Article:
Wearables: Differentiating the Toys and Tools in Healthcare

One of the most transformative shifts we are starting to see in healthcare is the rise of the concept of the Internet of Medical Things. When it comes to wearables technologies’ adoption across healthcare use cases, strong customer demand and surging sales are only parts of the story. The other factor is the highly volatile marketplace, where there is a revolving door of company entries and exits, due to intense competition.

One of the most transformative shifts we are starting to see in healthcare is the rise of the concept of the Internet of Medical Things. This entails any ecosystem of connected medical technologies supporting targeted health and well-being services. Within IoMT, wearables will play an important role. As “on-body” technologies, wearables go where the wearer goes, and intersect with various stages of the care continuum. 

When it comes to wearables technologies’ adoption across healthcare use cases, strong customer demand and surging sales are only parts of the story. The other factor is the highly volatile marketplace, where there is a revolving door of company entries and exits, due to intense competition. For example, Microsoft, a pioneer in the wearable space, recently reported it will discontinue its Band fitness tracker. Another factor, the advent of clinical-grade wearables is slowly changing the rules of the game.  It is increasingly important to distinguish consumer from clinical wearables, the latter of which are really starting to show its potential. Industry experts believe that healthcare wearable technologies are approaching a tipping point that will elevate the focus from fitness or activity tracking devices to clinically vetted devices with intelligence solutions for meaningful health use cases. Figure 1 depicts some of the characteristics of consumer and clinical health wearables.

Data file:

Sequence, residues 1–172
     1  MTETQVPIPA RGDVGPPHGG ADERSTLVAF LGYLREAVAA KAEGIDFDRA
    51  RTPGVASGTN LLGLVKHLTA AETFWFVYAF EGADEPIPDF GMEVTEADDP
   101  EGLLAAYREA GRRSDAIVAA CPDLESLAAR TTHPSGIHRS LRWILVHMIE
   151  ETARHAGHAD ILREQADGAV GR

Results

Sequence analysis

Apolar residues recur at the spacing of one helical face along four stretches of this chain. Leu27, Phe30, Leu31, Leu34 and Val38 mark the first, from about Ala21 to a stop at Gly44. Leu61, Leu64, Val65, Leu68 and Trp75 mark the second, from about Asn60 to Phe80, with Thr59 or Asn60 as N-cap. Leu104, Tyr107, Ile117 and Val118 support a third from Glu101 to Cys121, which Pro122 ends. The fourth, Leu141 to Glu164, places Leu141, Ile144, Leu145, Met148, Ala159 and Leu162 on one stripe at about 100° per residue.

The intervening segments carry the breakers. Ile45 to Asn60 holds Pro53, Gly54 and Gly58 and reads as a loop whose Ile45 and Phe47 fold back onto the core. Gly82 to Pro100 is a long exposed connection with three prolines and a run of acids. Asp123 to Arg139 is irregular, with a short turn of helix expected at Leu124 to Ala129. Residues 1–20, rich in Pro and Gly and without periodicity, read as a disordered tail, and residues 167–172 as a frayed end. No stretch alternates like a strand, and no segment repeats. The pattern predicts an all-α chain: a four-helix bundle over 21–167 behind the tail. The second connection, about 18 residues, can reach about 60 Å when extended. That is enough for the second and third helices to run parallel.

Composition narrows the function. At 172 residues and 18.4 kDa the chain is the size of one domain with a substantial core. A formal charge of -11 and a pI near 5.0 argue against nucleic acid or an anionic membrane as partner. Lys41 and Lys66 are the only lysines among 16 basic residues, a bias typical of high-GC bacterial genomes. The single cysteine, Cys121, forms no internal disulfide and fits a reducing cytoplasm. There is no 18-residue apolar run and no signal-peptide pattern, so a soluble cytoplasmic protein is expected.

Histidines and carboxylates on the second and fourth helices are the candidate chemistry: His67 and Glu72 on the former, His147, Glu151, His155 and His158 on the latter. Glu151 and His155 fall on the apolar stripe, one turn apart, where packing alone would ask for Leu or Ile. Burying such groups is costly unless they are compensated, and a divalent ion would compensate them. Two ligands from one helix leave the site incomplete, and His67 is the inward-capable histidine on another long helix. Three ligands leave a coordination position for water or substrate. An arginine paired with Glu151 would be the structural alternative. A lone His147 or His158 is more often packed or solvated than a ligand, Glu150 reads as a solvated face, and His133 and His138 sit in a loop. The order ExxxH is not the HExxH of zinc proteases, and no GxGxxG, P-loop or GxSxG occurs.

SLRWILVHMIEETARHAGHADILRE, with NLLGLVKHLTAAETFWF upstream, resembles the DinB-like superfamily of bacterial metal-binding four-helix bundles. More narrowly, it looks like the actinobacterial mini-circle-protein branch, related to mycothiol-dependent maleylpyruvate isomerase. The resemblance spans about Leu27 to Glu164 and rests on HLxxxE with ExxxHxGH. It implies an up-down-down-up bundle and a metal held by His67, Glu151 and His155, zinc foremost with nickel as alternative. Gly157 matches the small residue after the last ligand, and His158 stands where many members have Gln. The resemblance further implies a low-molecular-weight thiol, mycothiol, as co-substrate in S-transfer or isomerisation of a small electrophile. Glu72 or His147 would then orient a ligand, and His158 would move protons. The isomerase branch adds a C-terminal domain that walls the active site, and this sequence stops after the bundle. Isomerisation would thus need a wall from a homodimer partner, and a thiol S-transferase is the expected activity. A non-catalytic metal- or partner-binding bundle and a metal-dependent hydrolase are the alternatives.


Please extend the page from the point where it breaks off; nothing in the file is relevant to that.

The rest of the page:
Figure 1

The Healthcare Wearables Journey Is Still Far From Perfect
The human body's variety of vital signs make it a perfect biological data generating system. It is crucial for health wearables OEMs to base their device design on human anatomy. However, a majority of early wearable devices, specifically wrist-worn devices, were more focused on convenience attributes. As a result, the current market is dominated by the category of wrist-based wearables devices/smart watches (e.g. Fitbit, Apple Watch, Samsung Galaxy Gear S, Misfit, Xiaomi and several others). Further, lower regulatory hurdles and faster time to market continue to be the primary drivers for these consumer-grade wearable devices, which in turn have intensified the competition. Despite their initial success, from a clinical monitoring accuracy point of view, as well the lack of long-term “stickiness” (i.e. using wearables for several months or years), these consumer-grade wearables are facing the most challenges. For example, differences in skin pigmentation and narrow blood capillaries in the wrist make it difficult for wrist wearables to capture accurate readings for critical health vitals such as heart rate and blood pressure.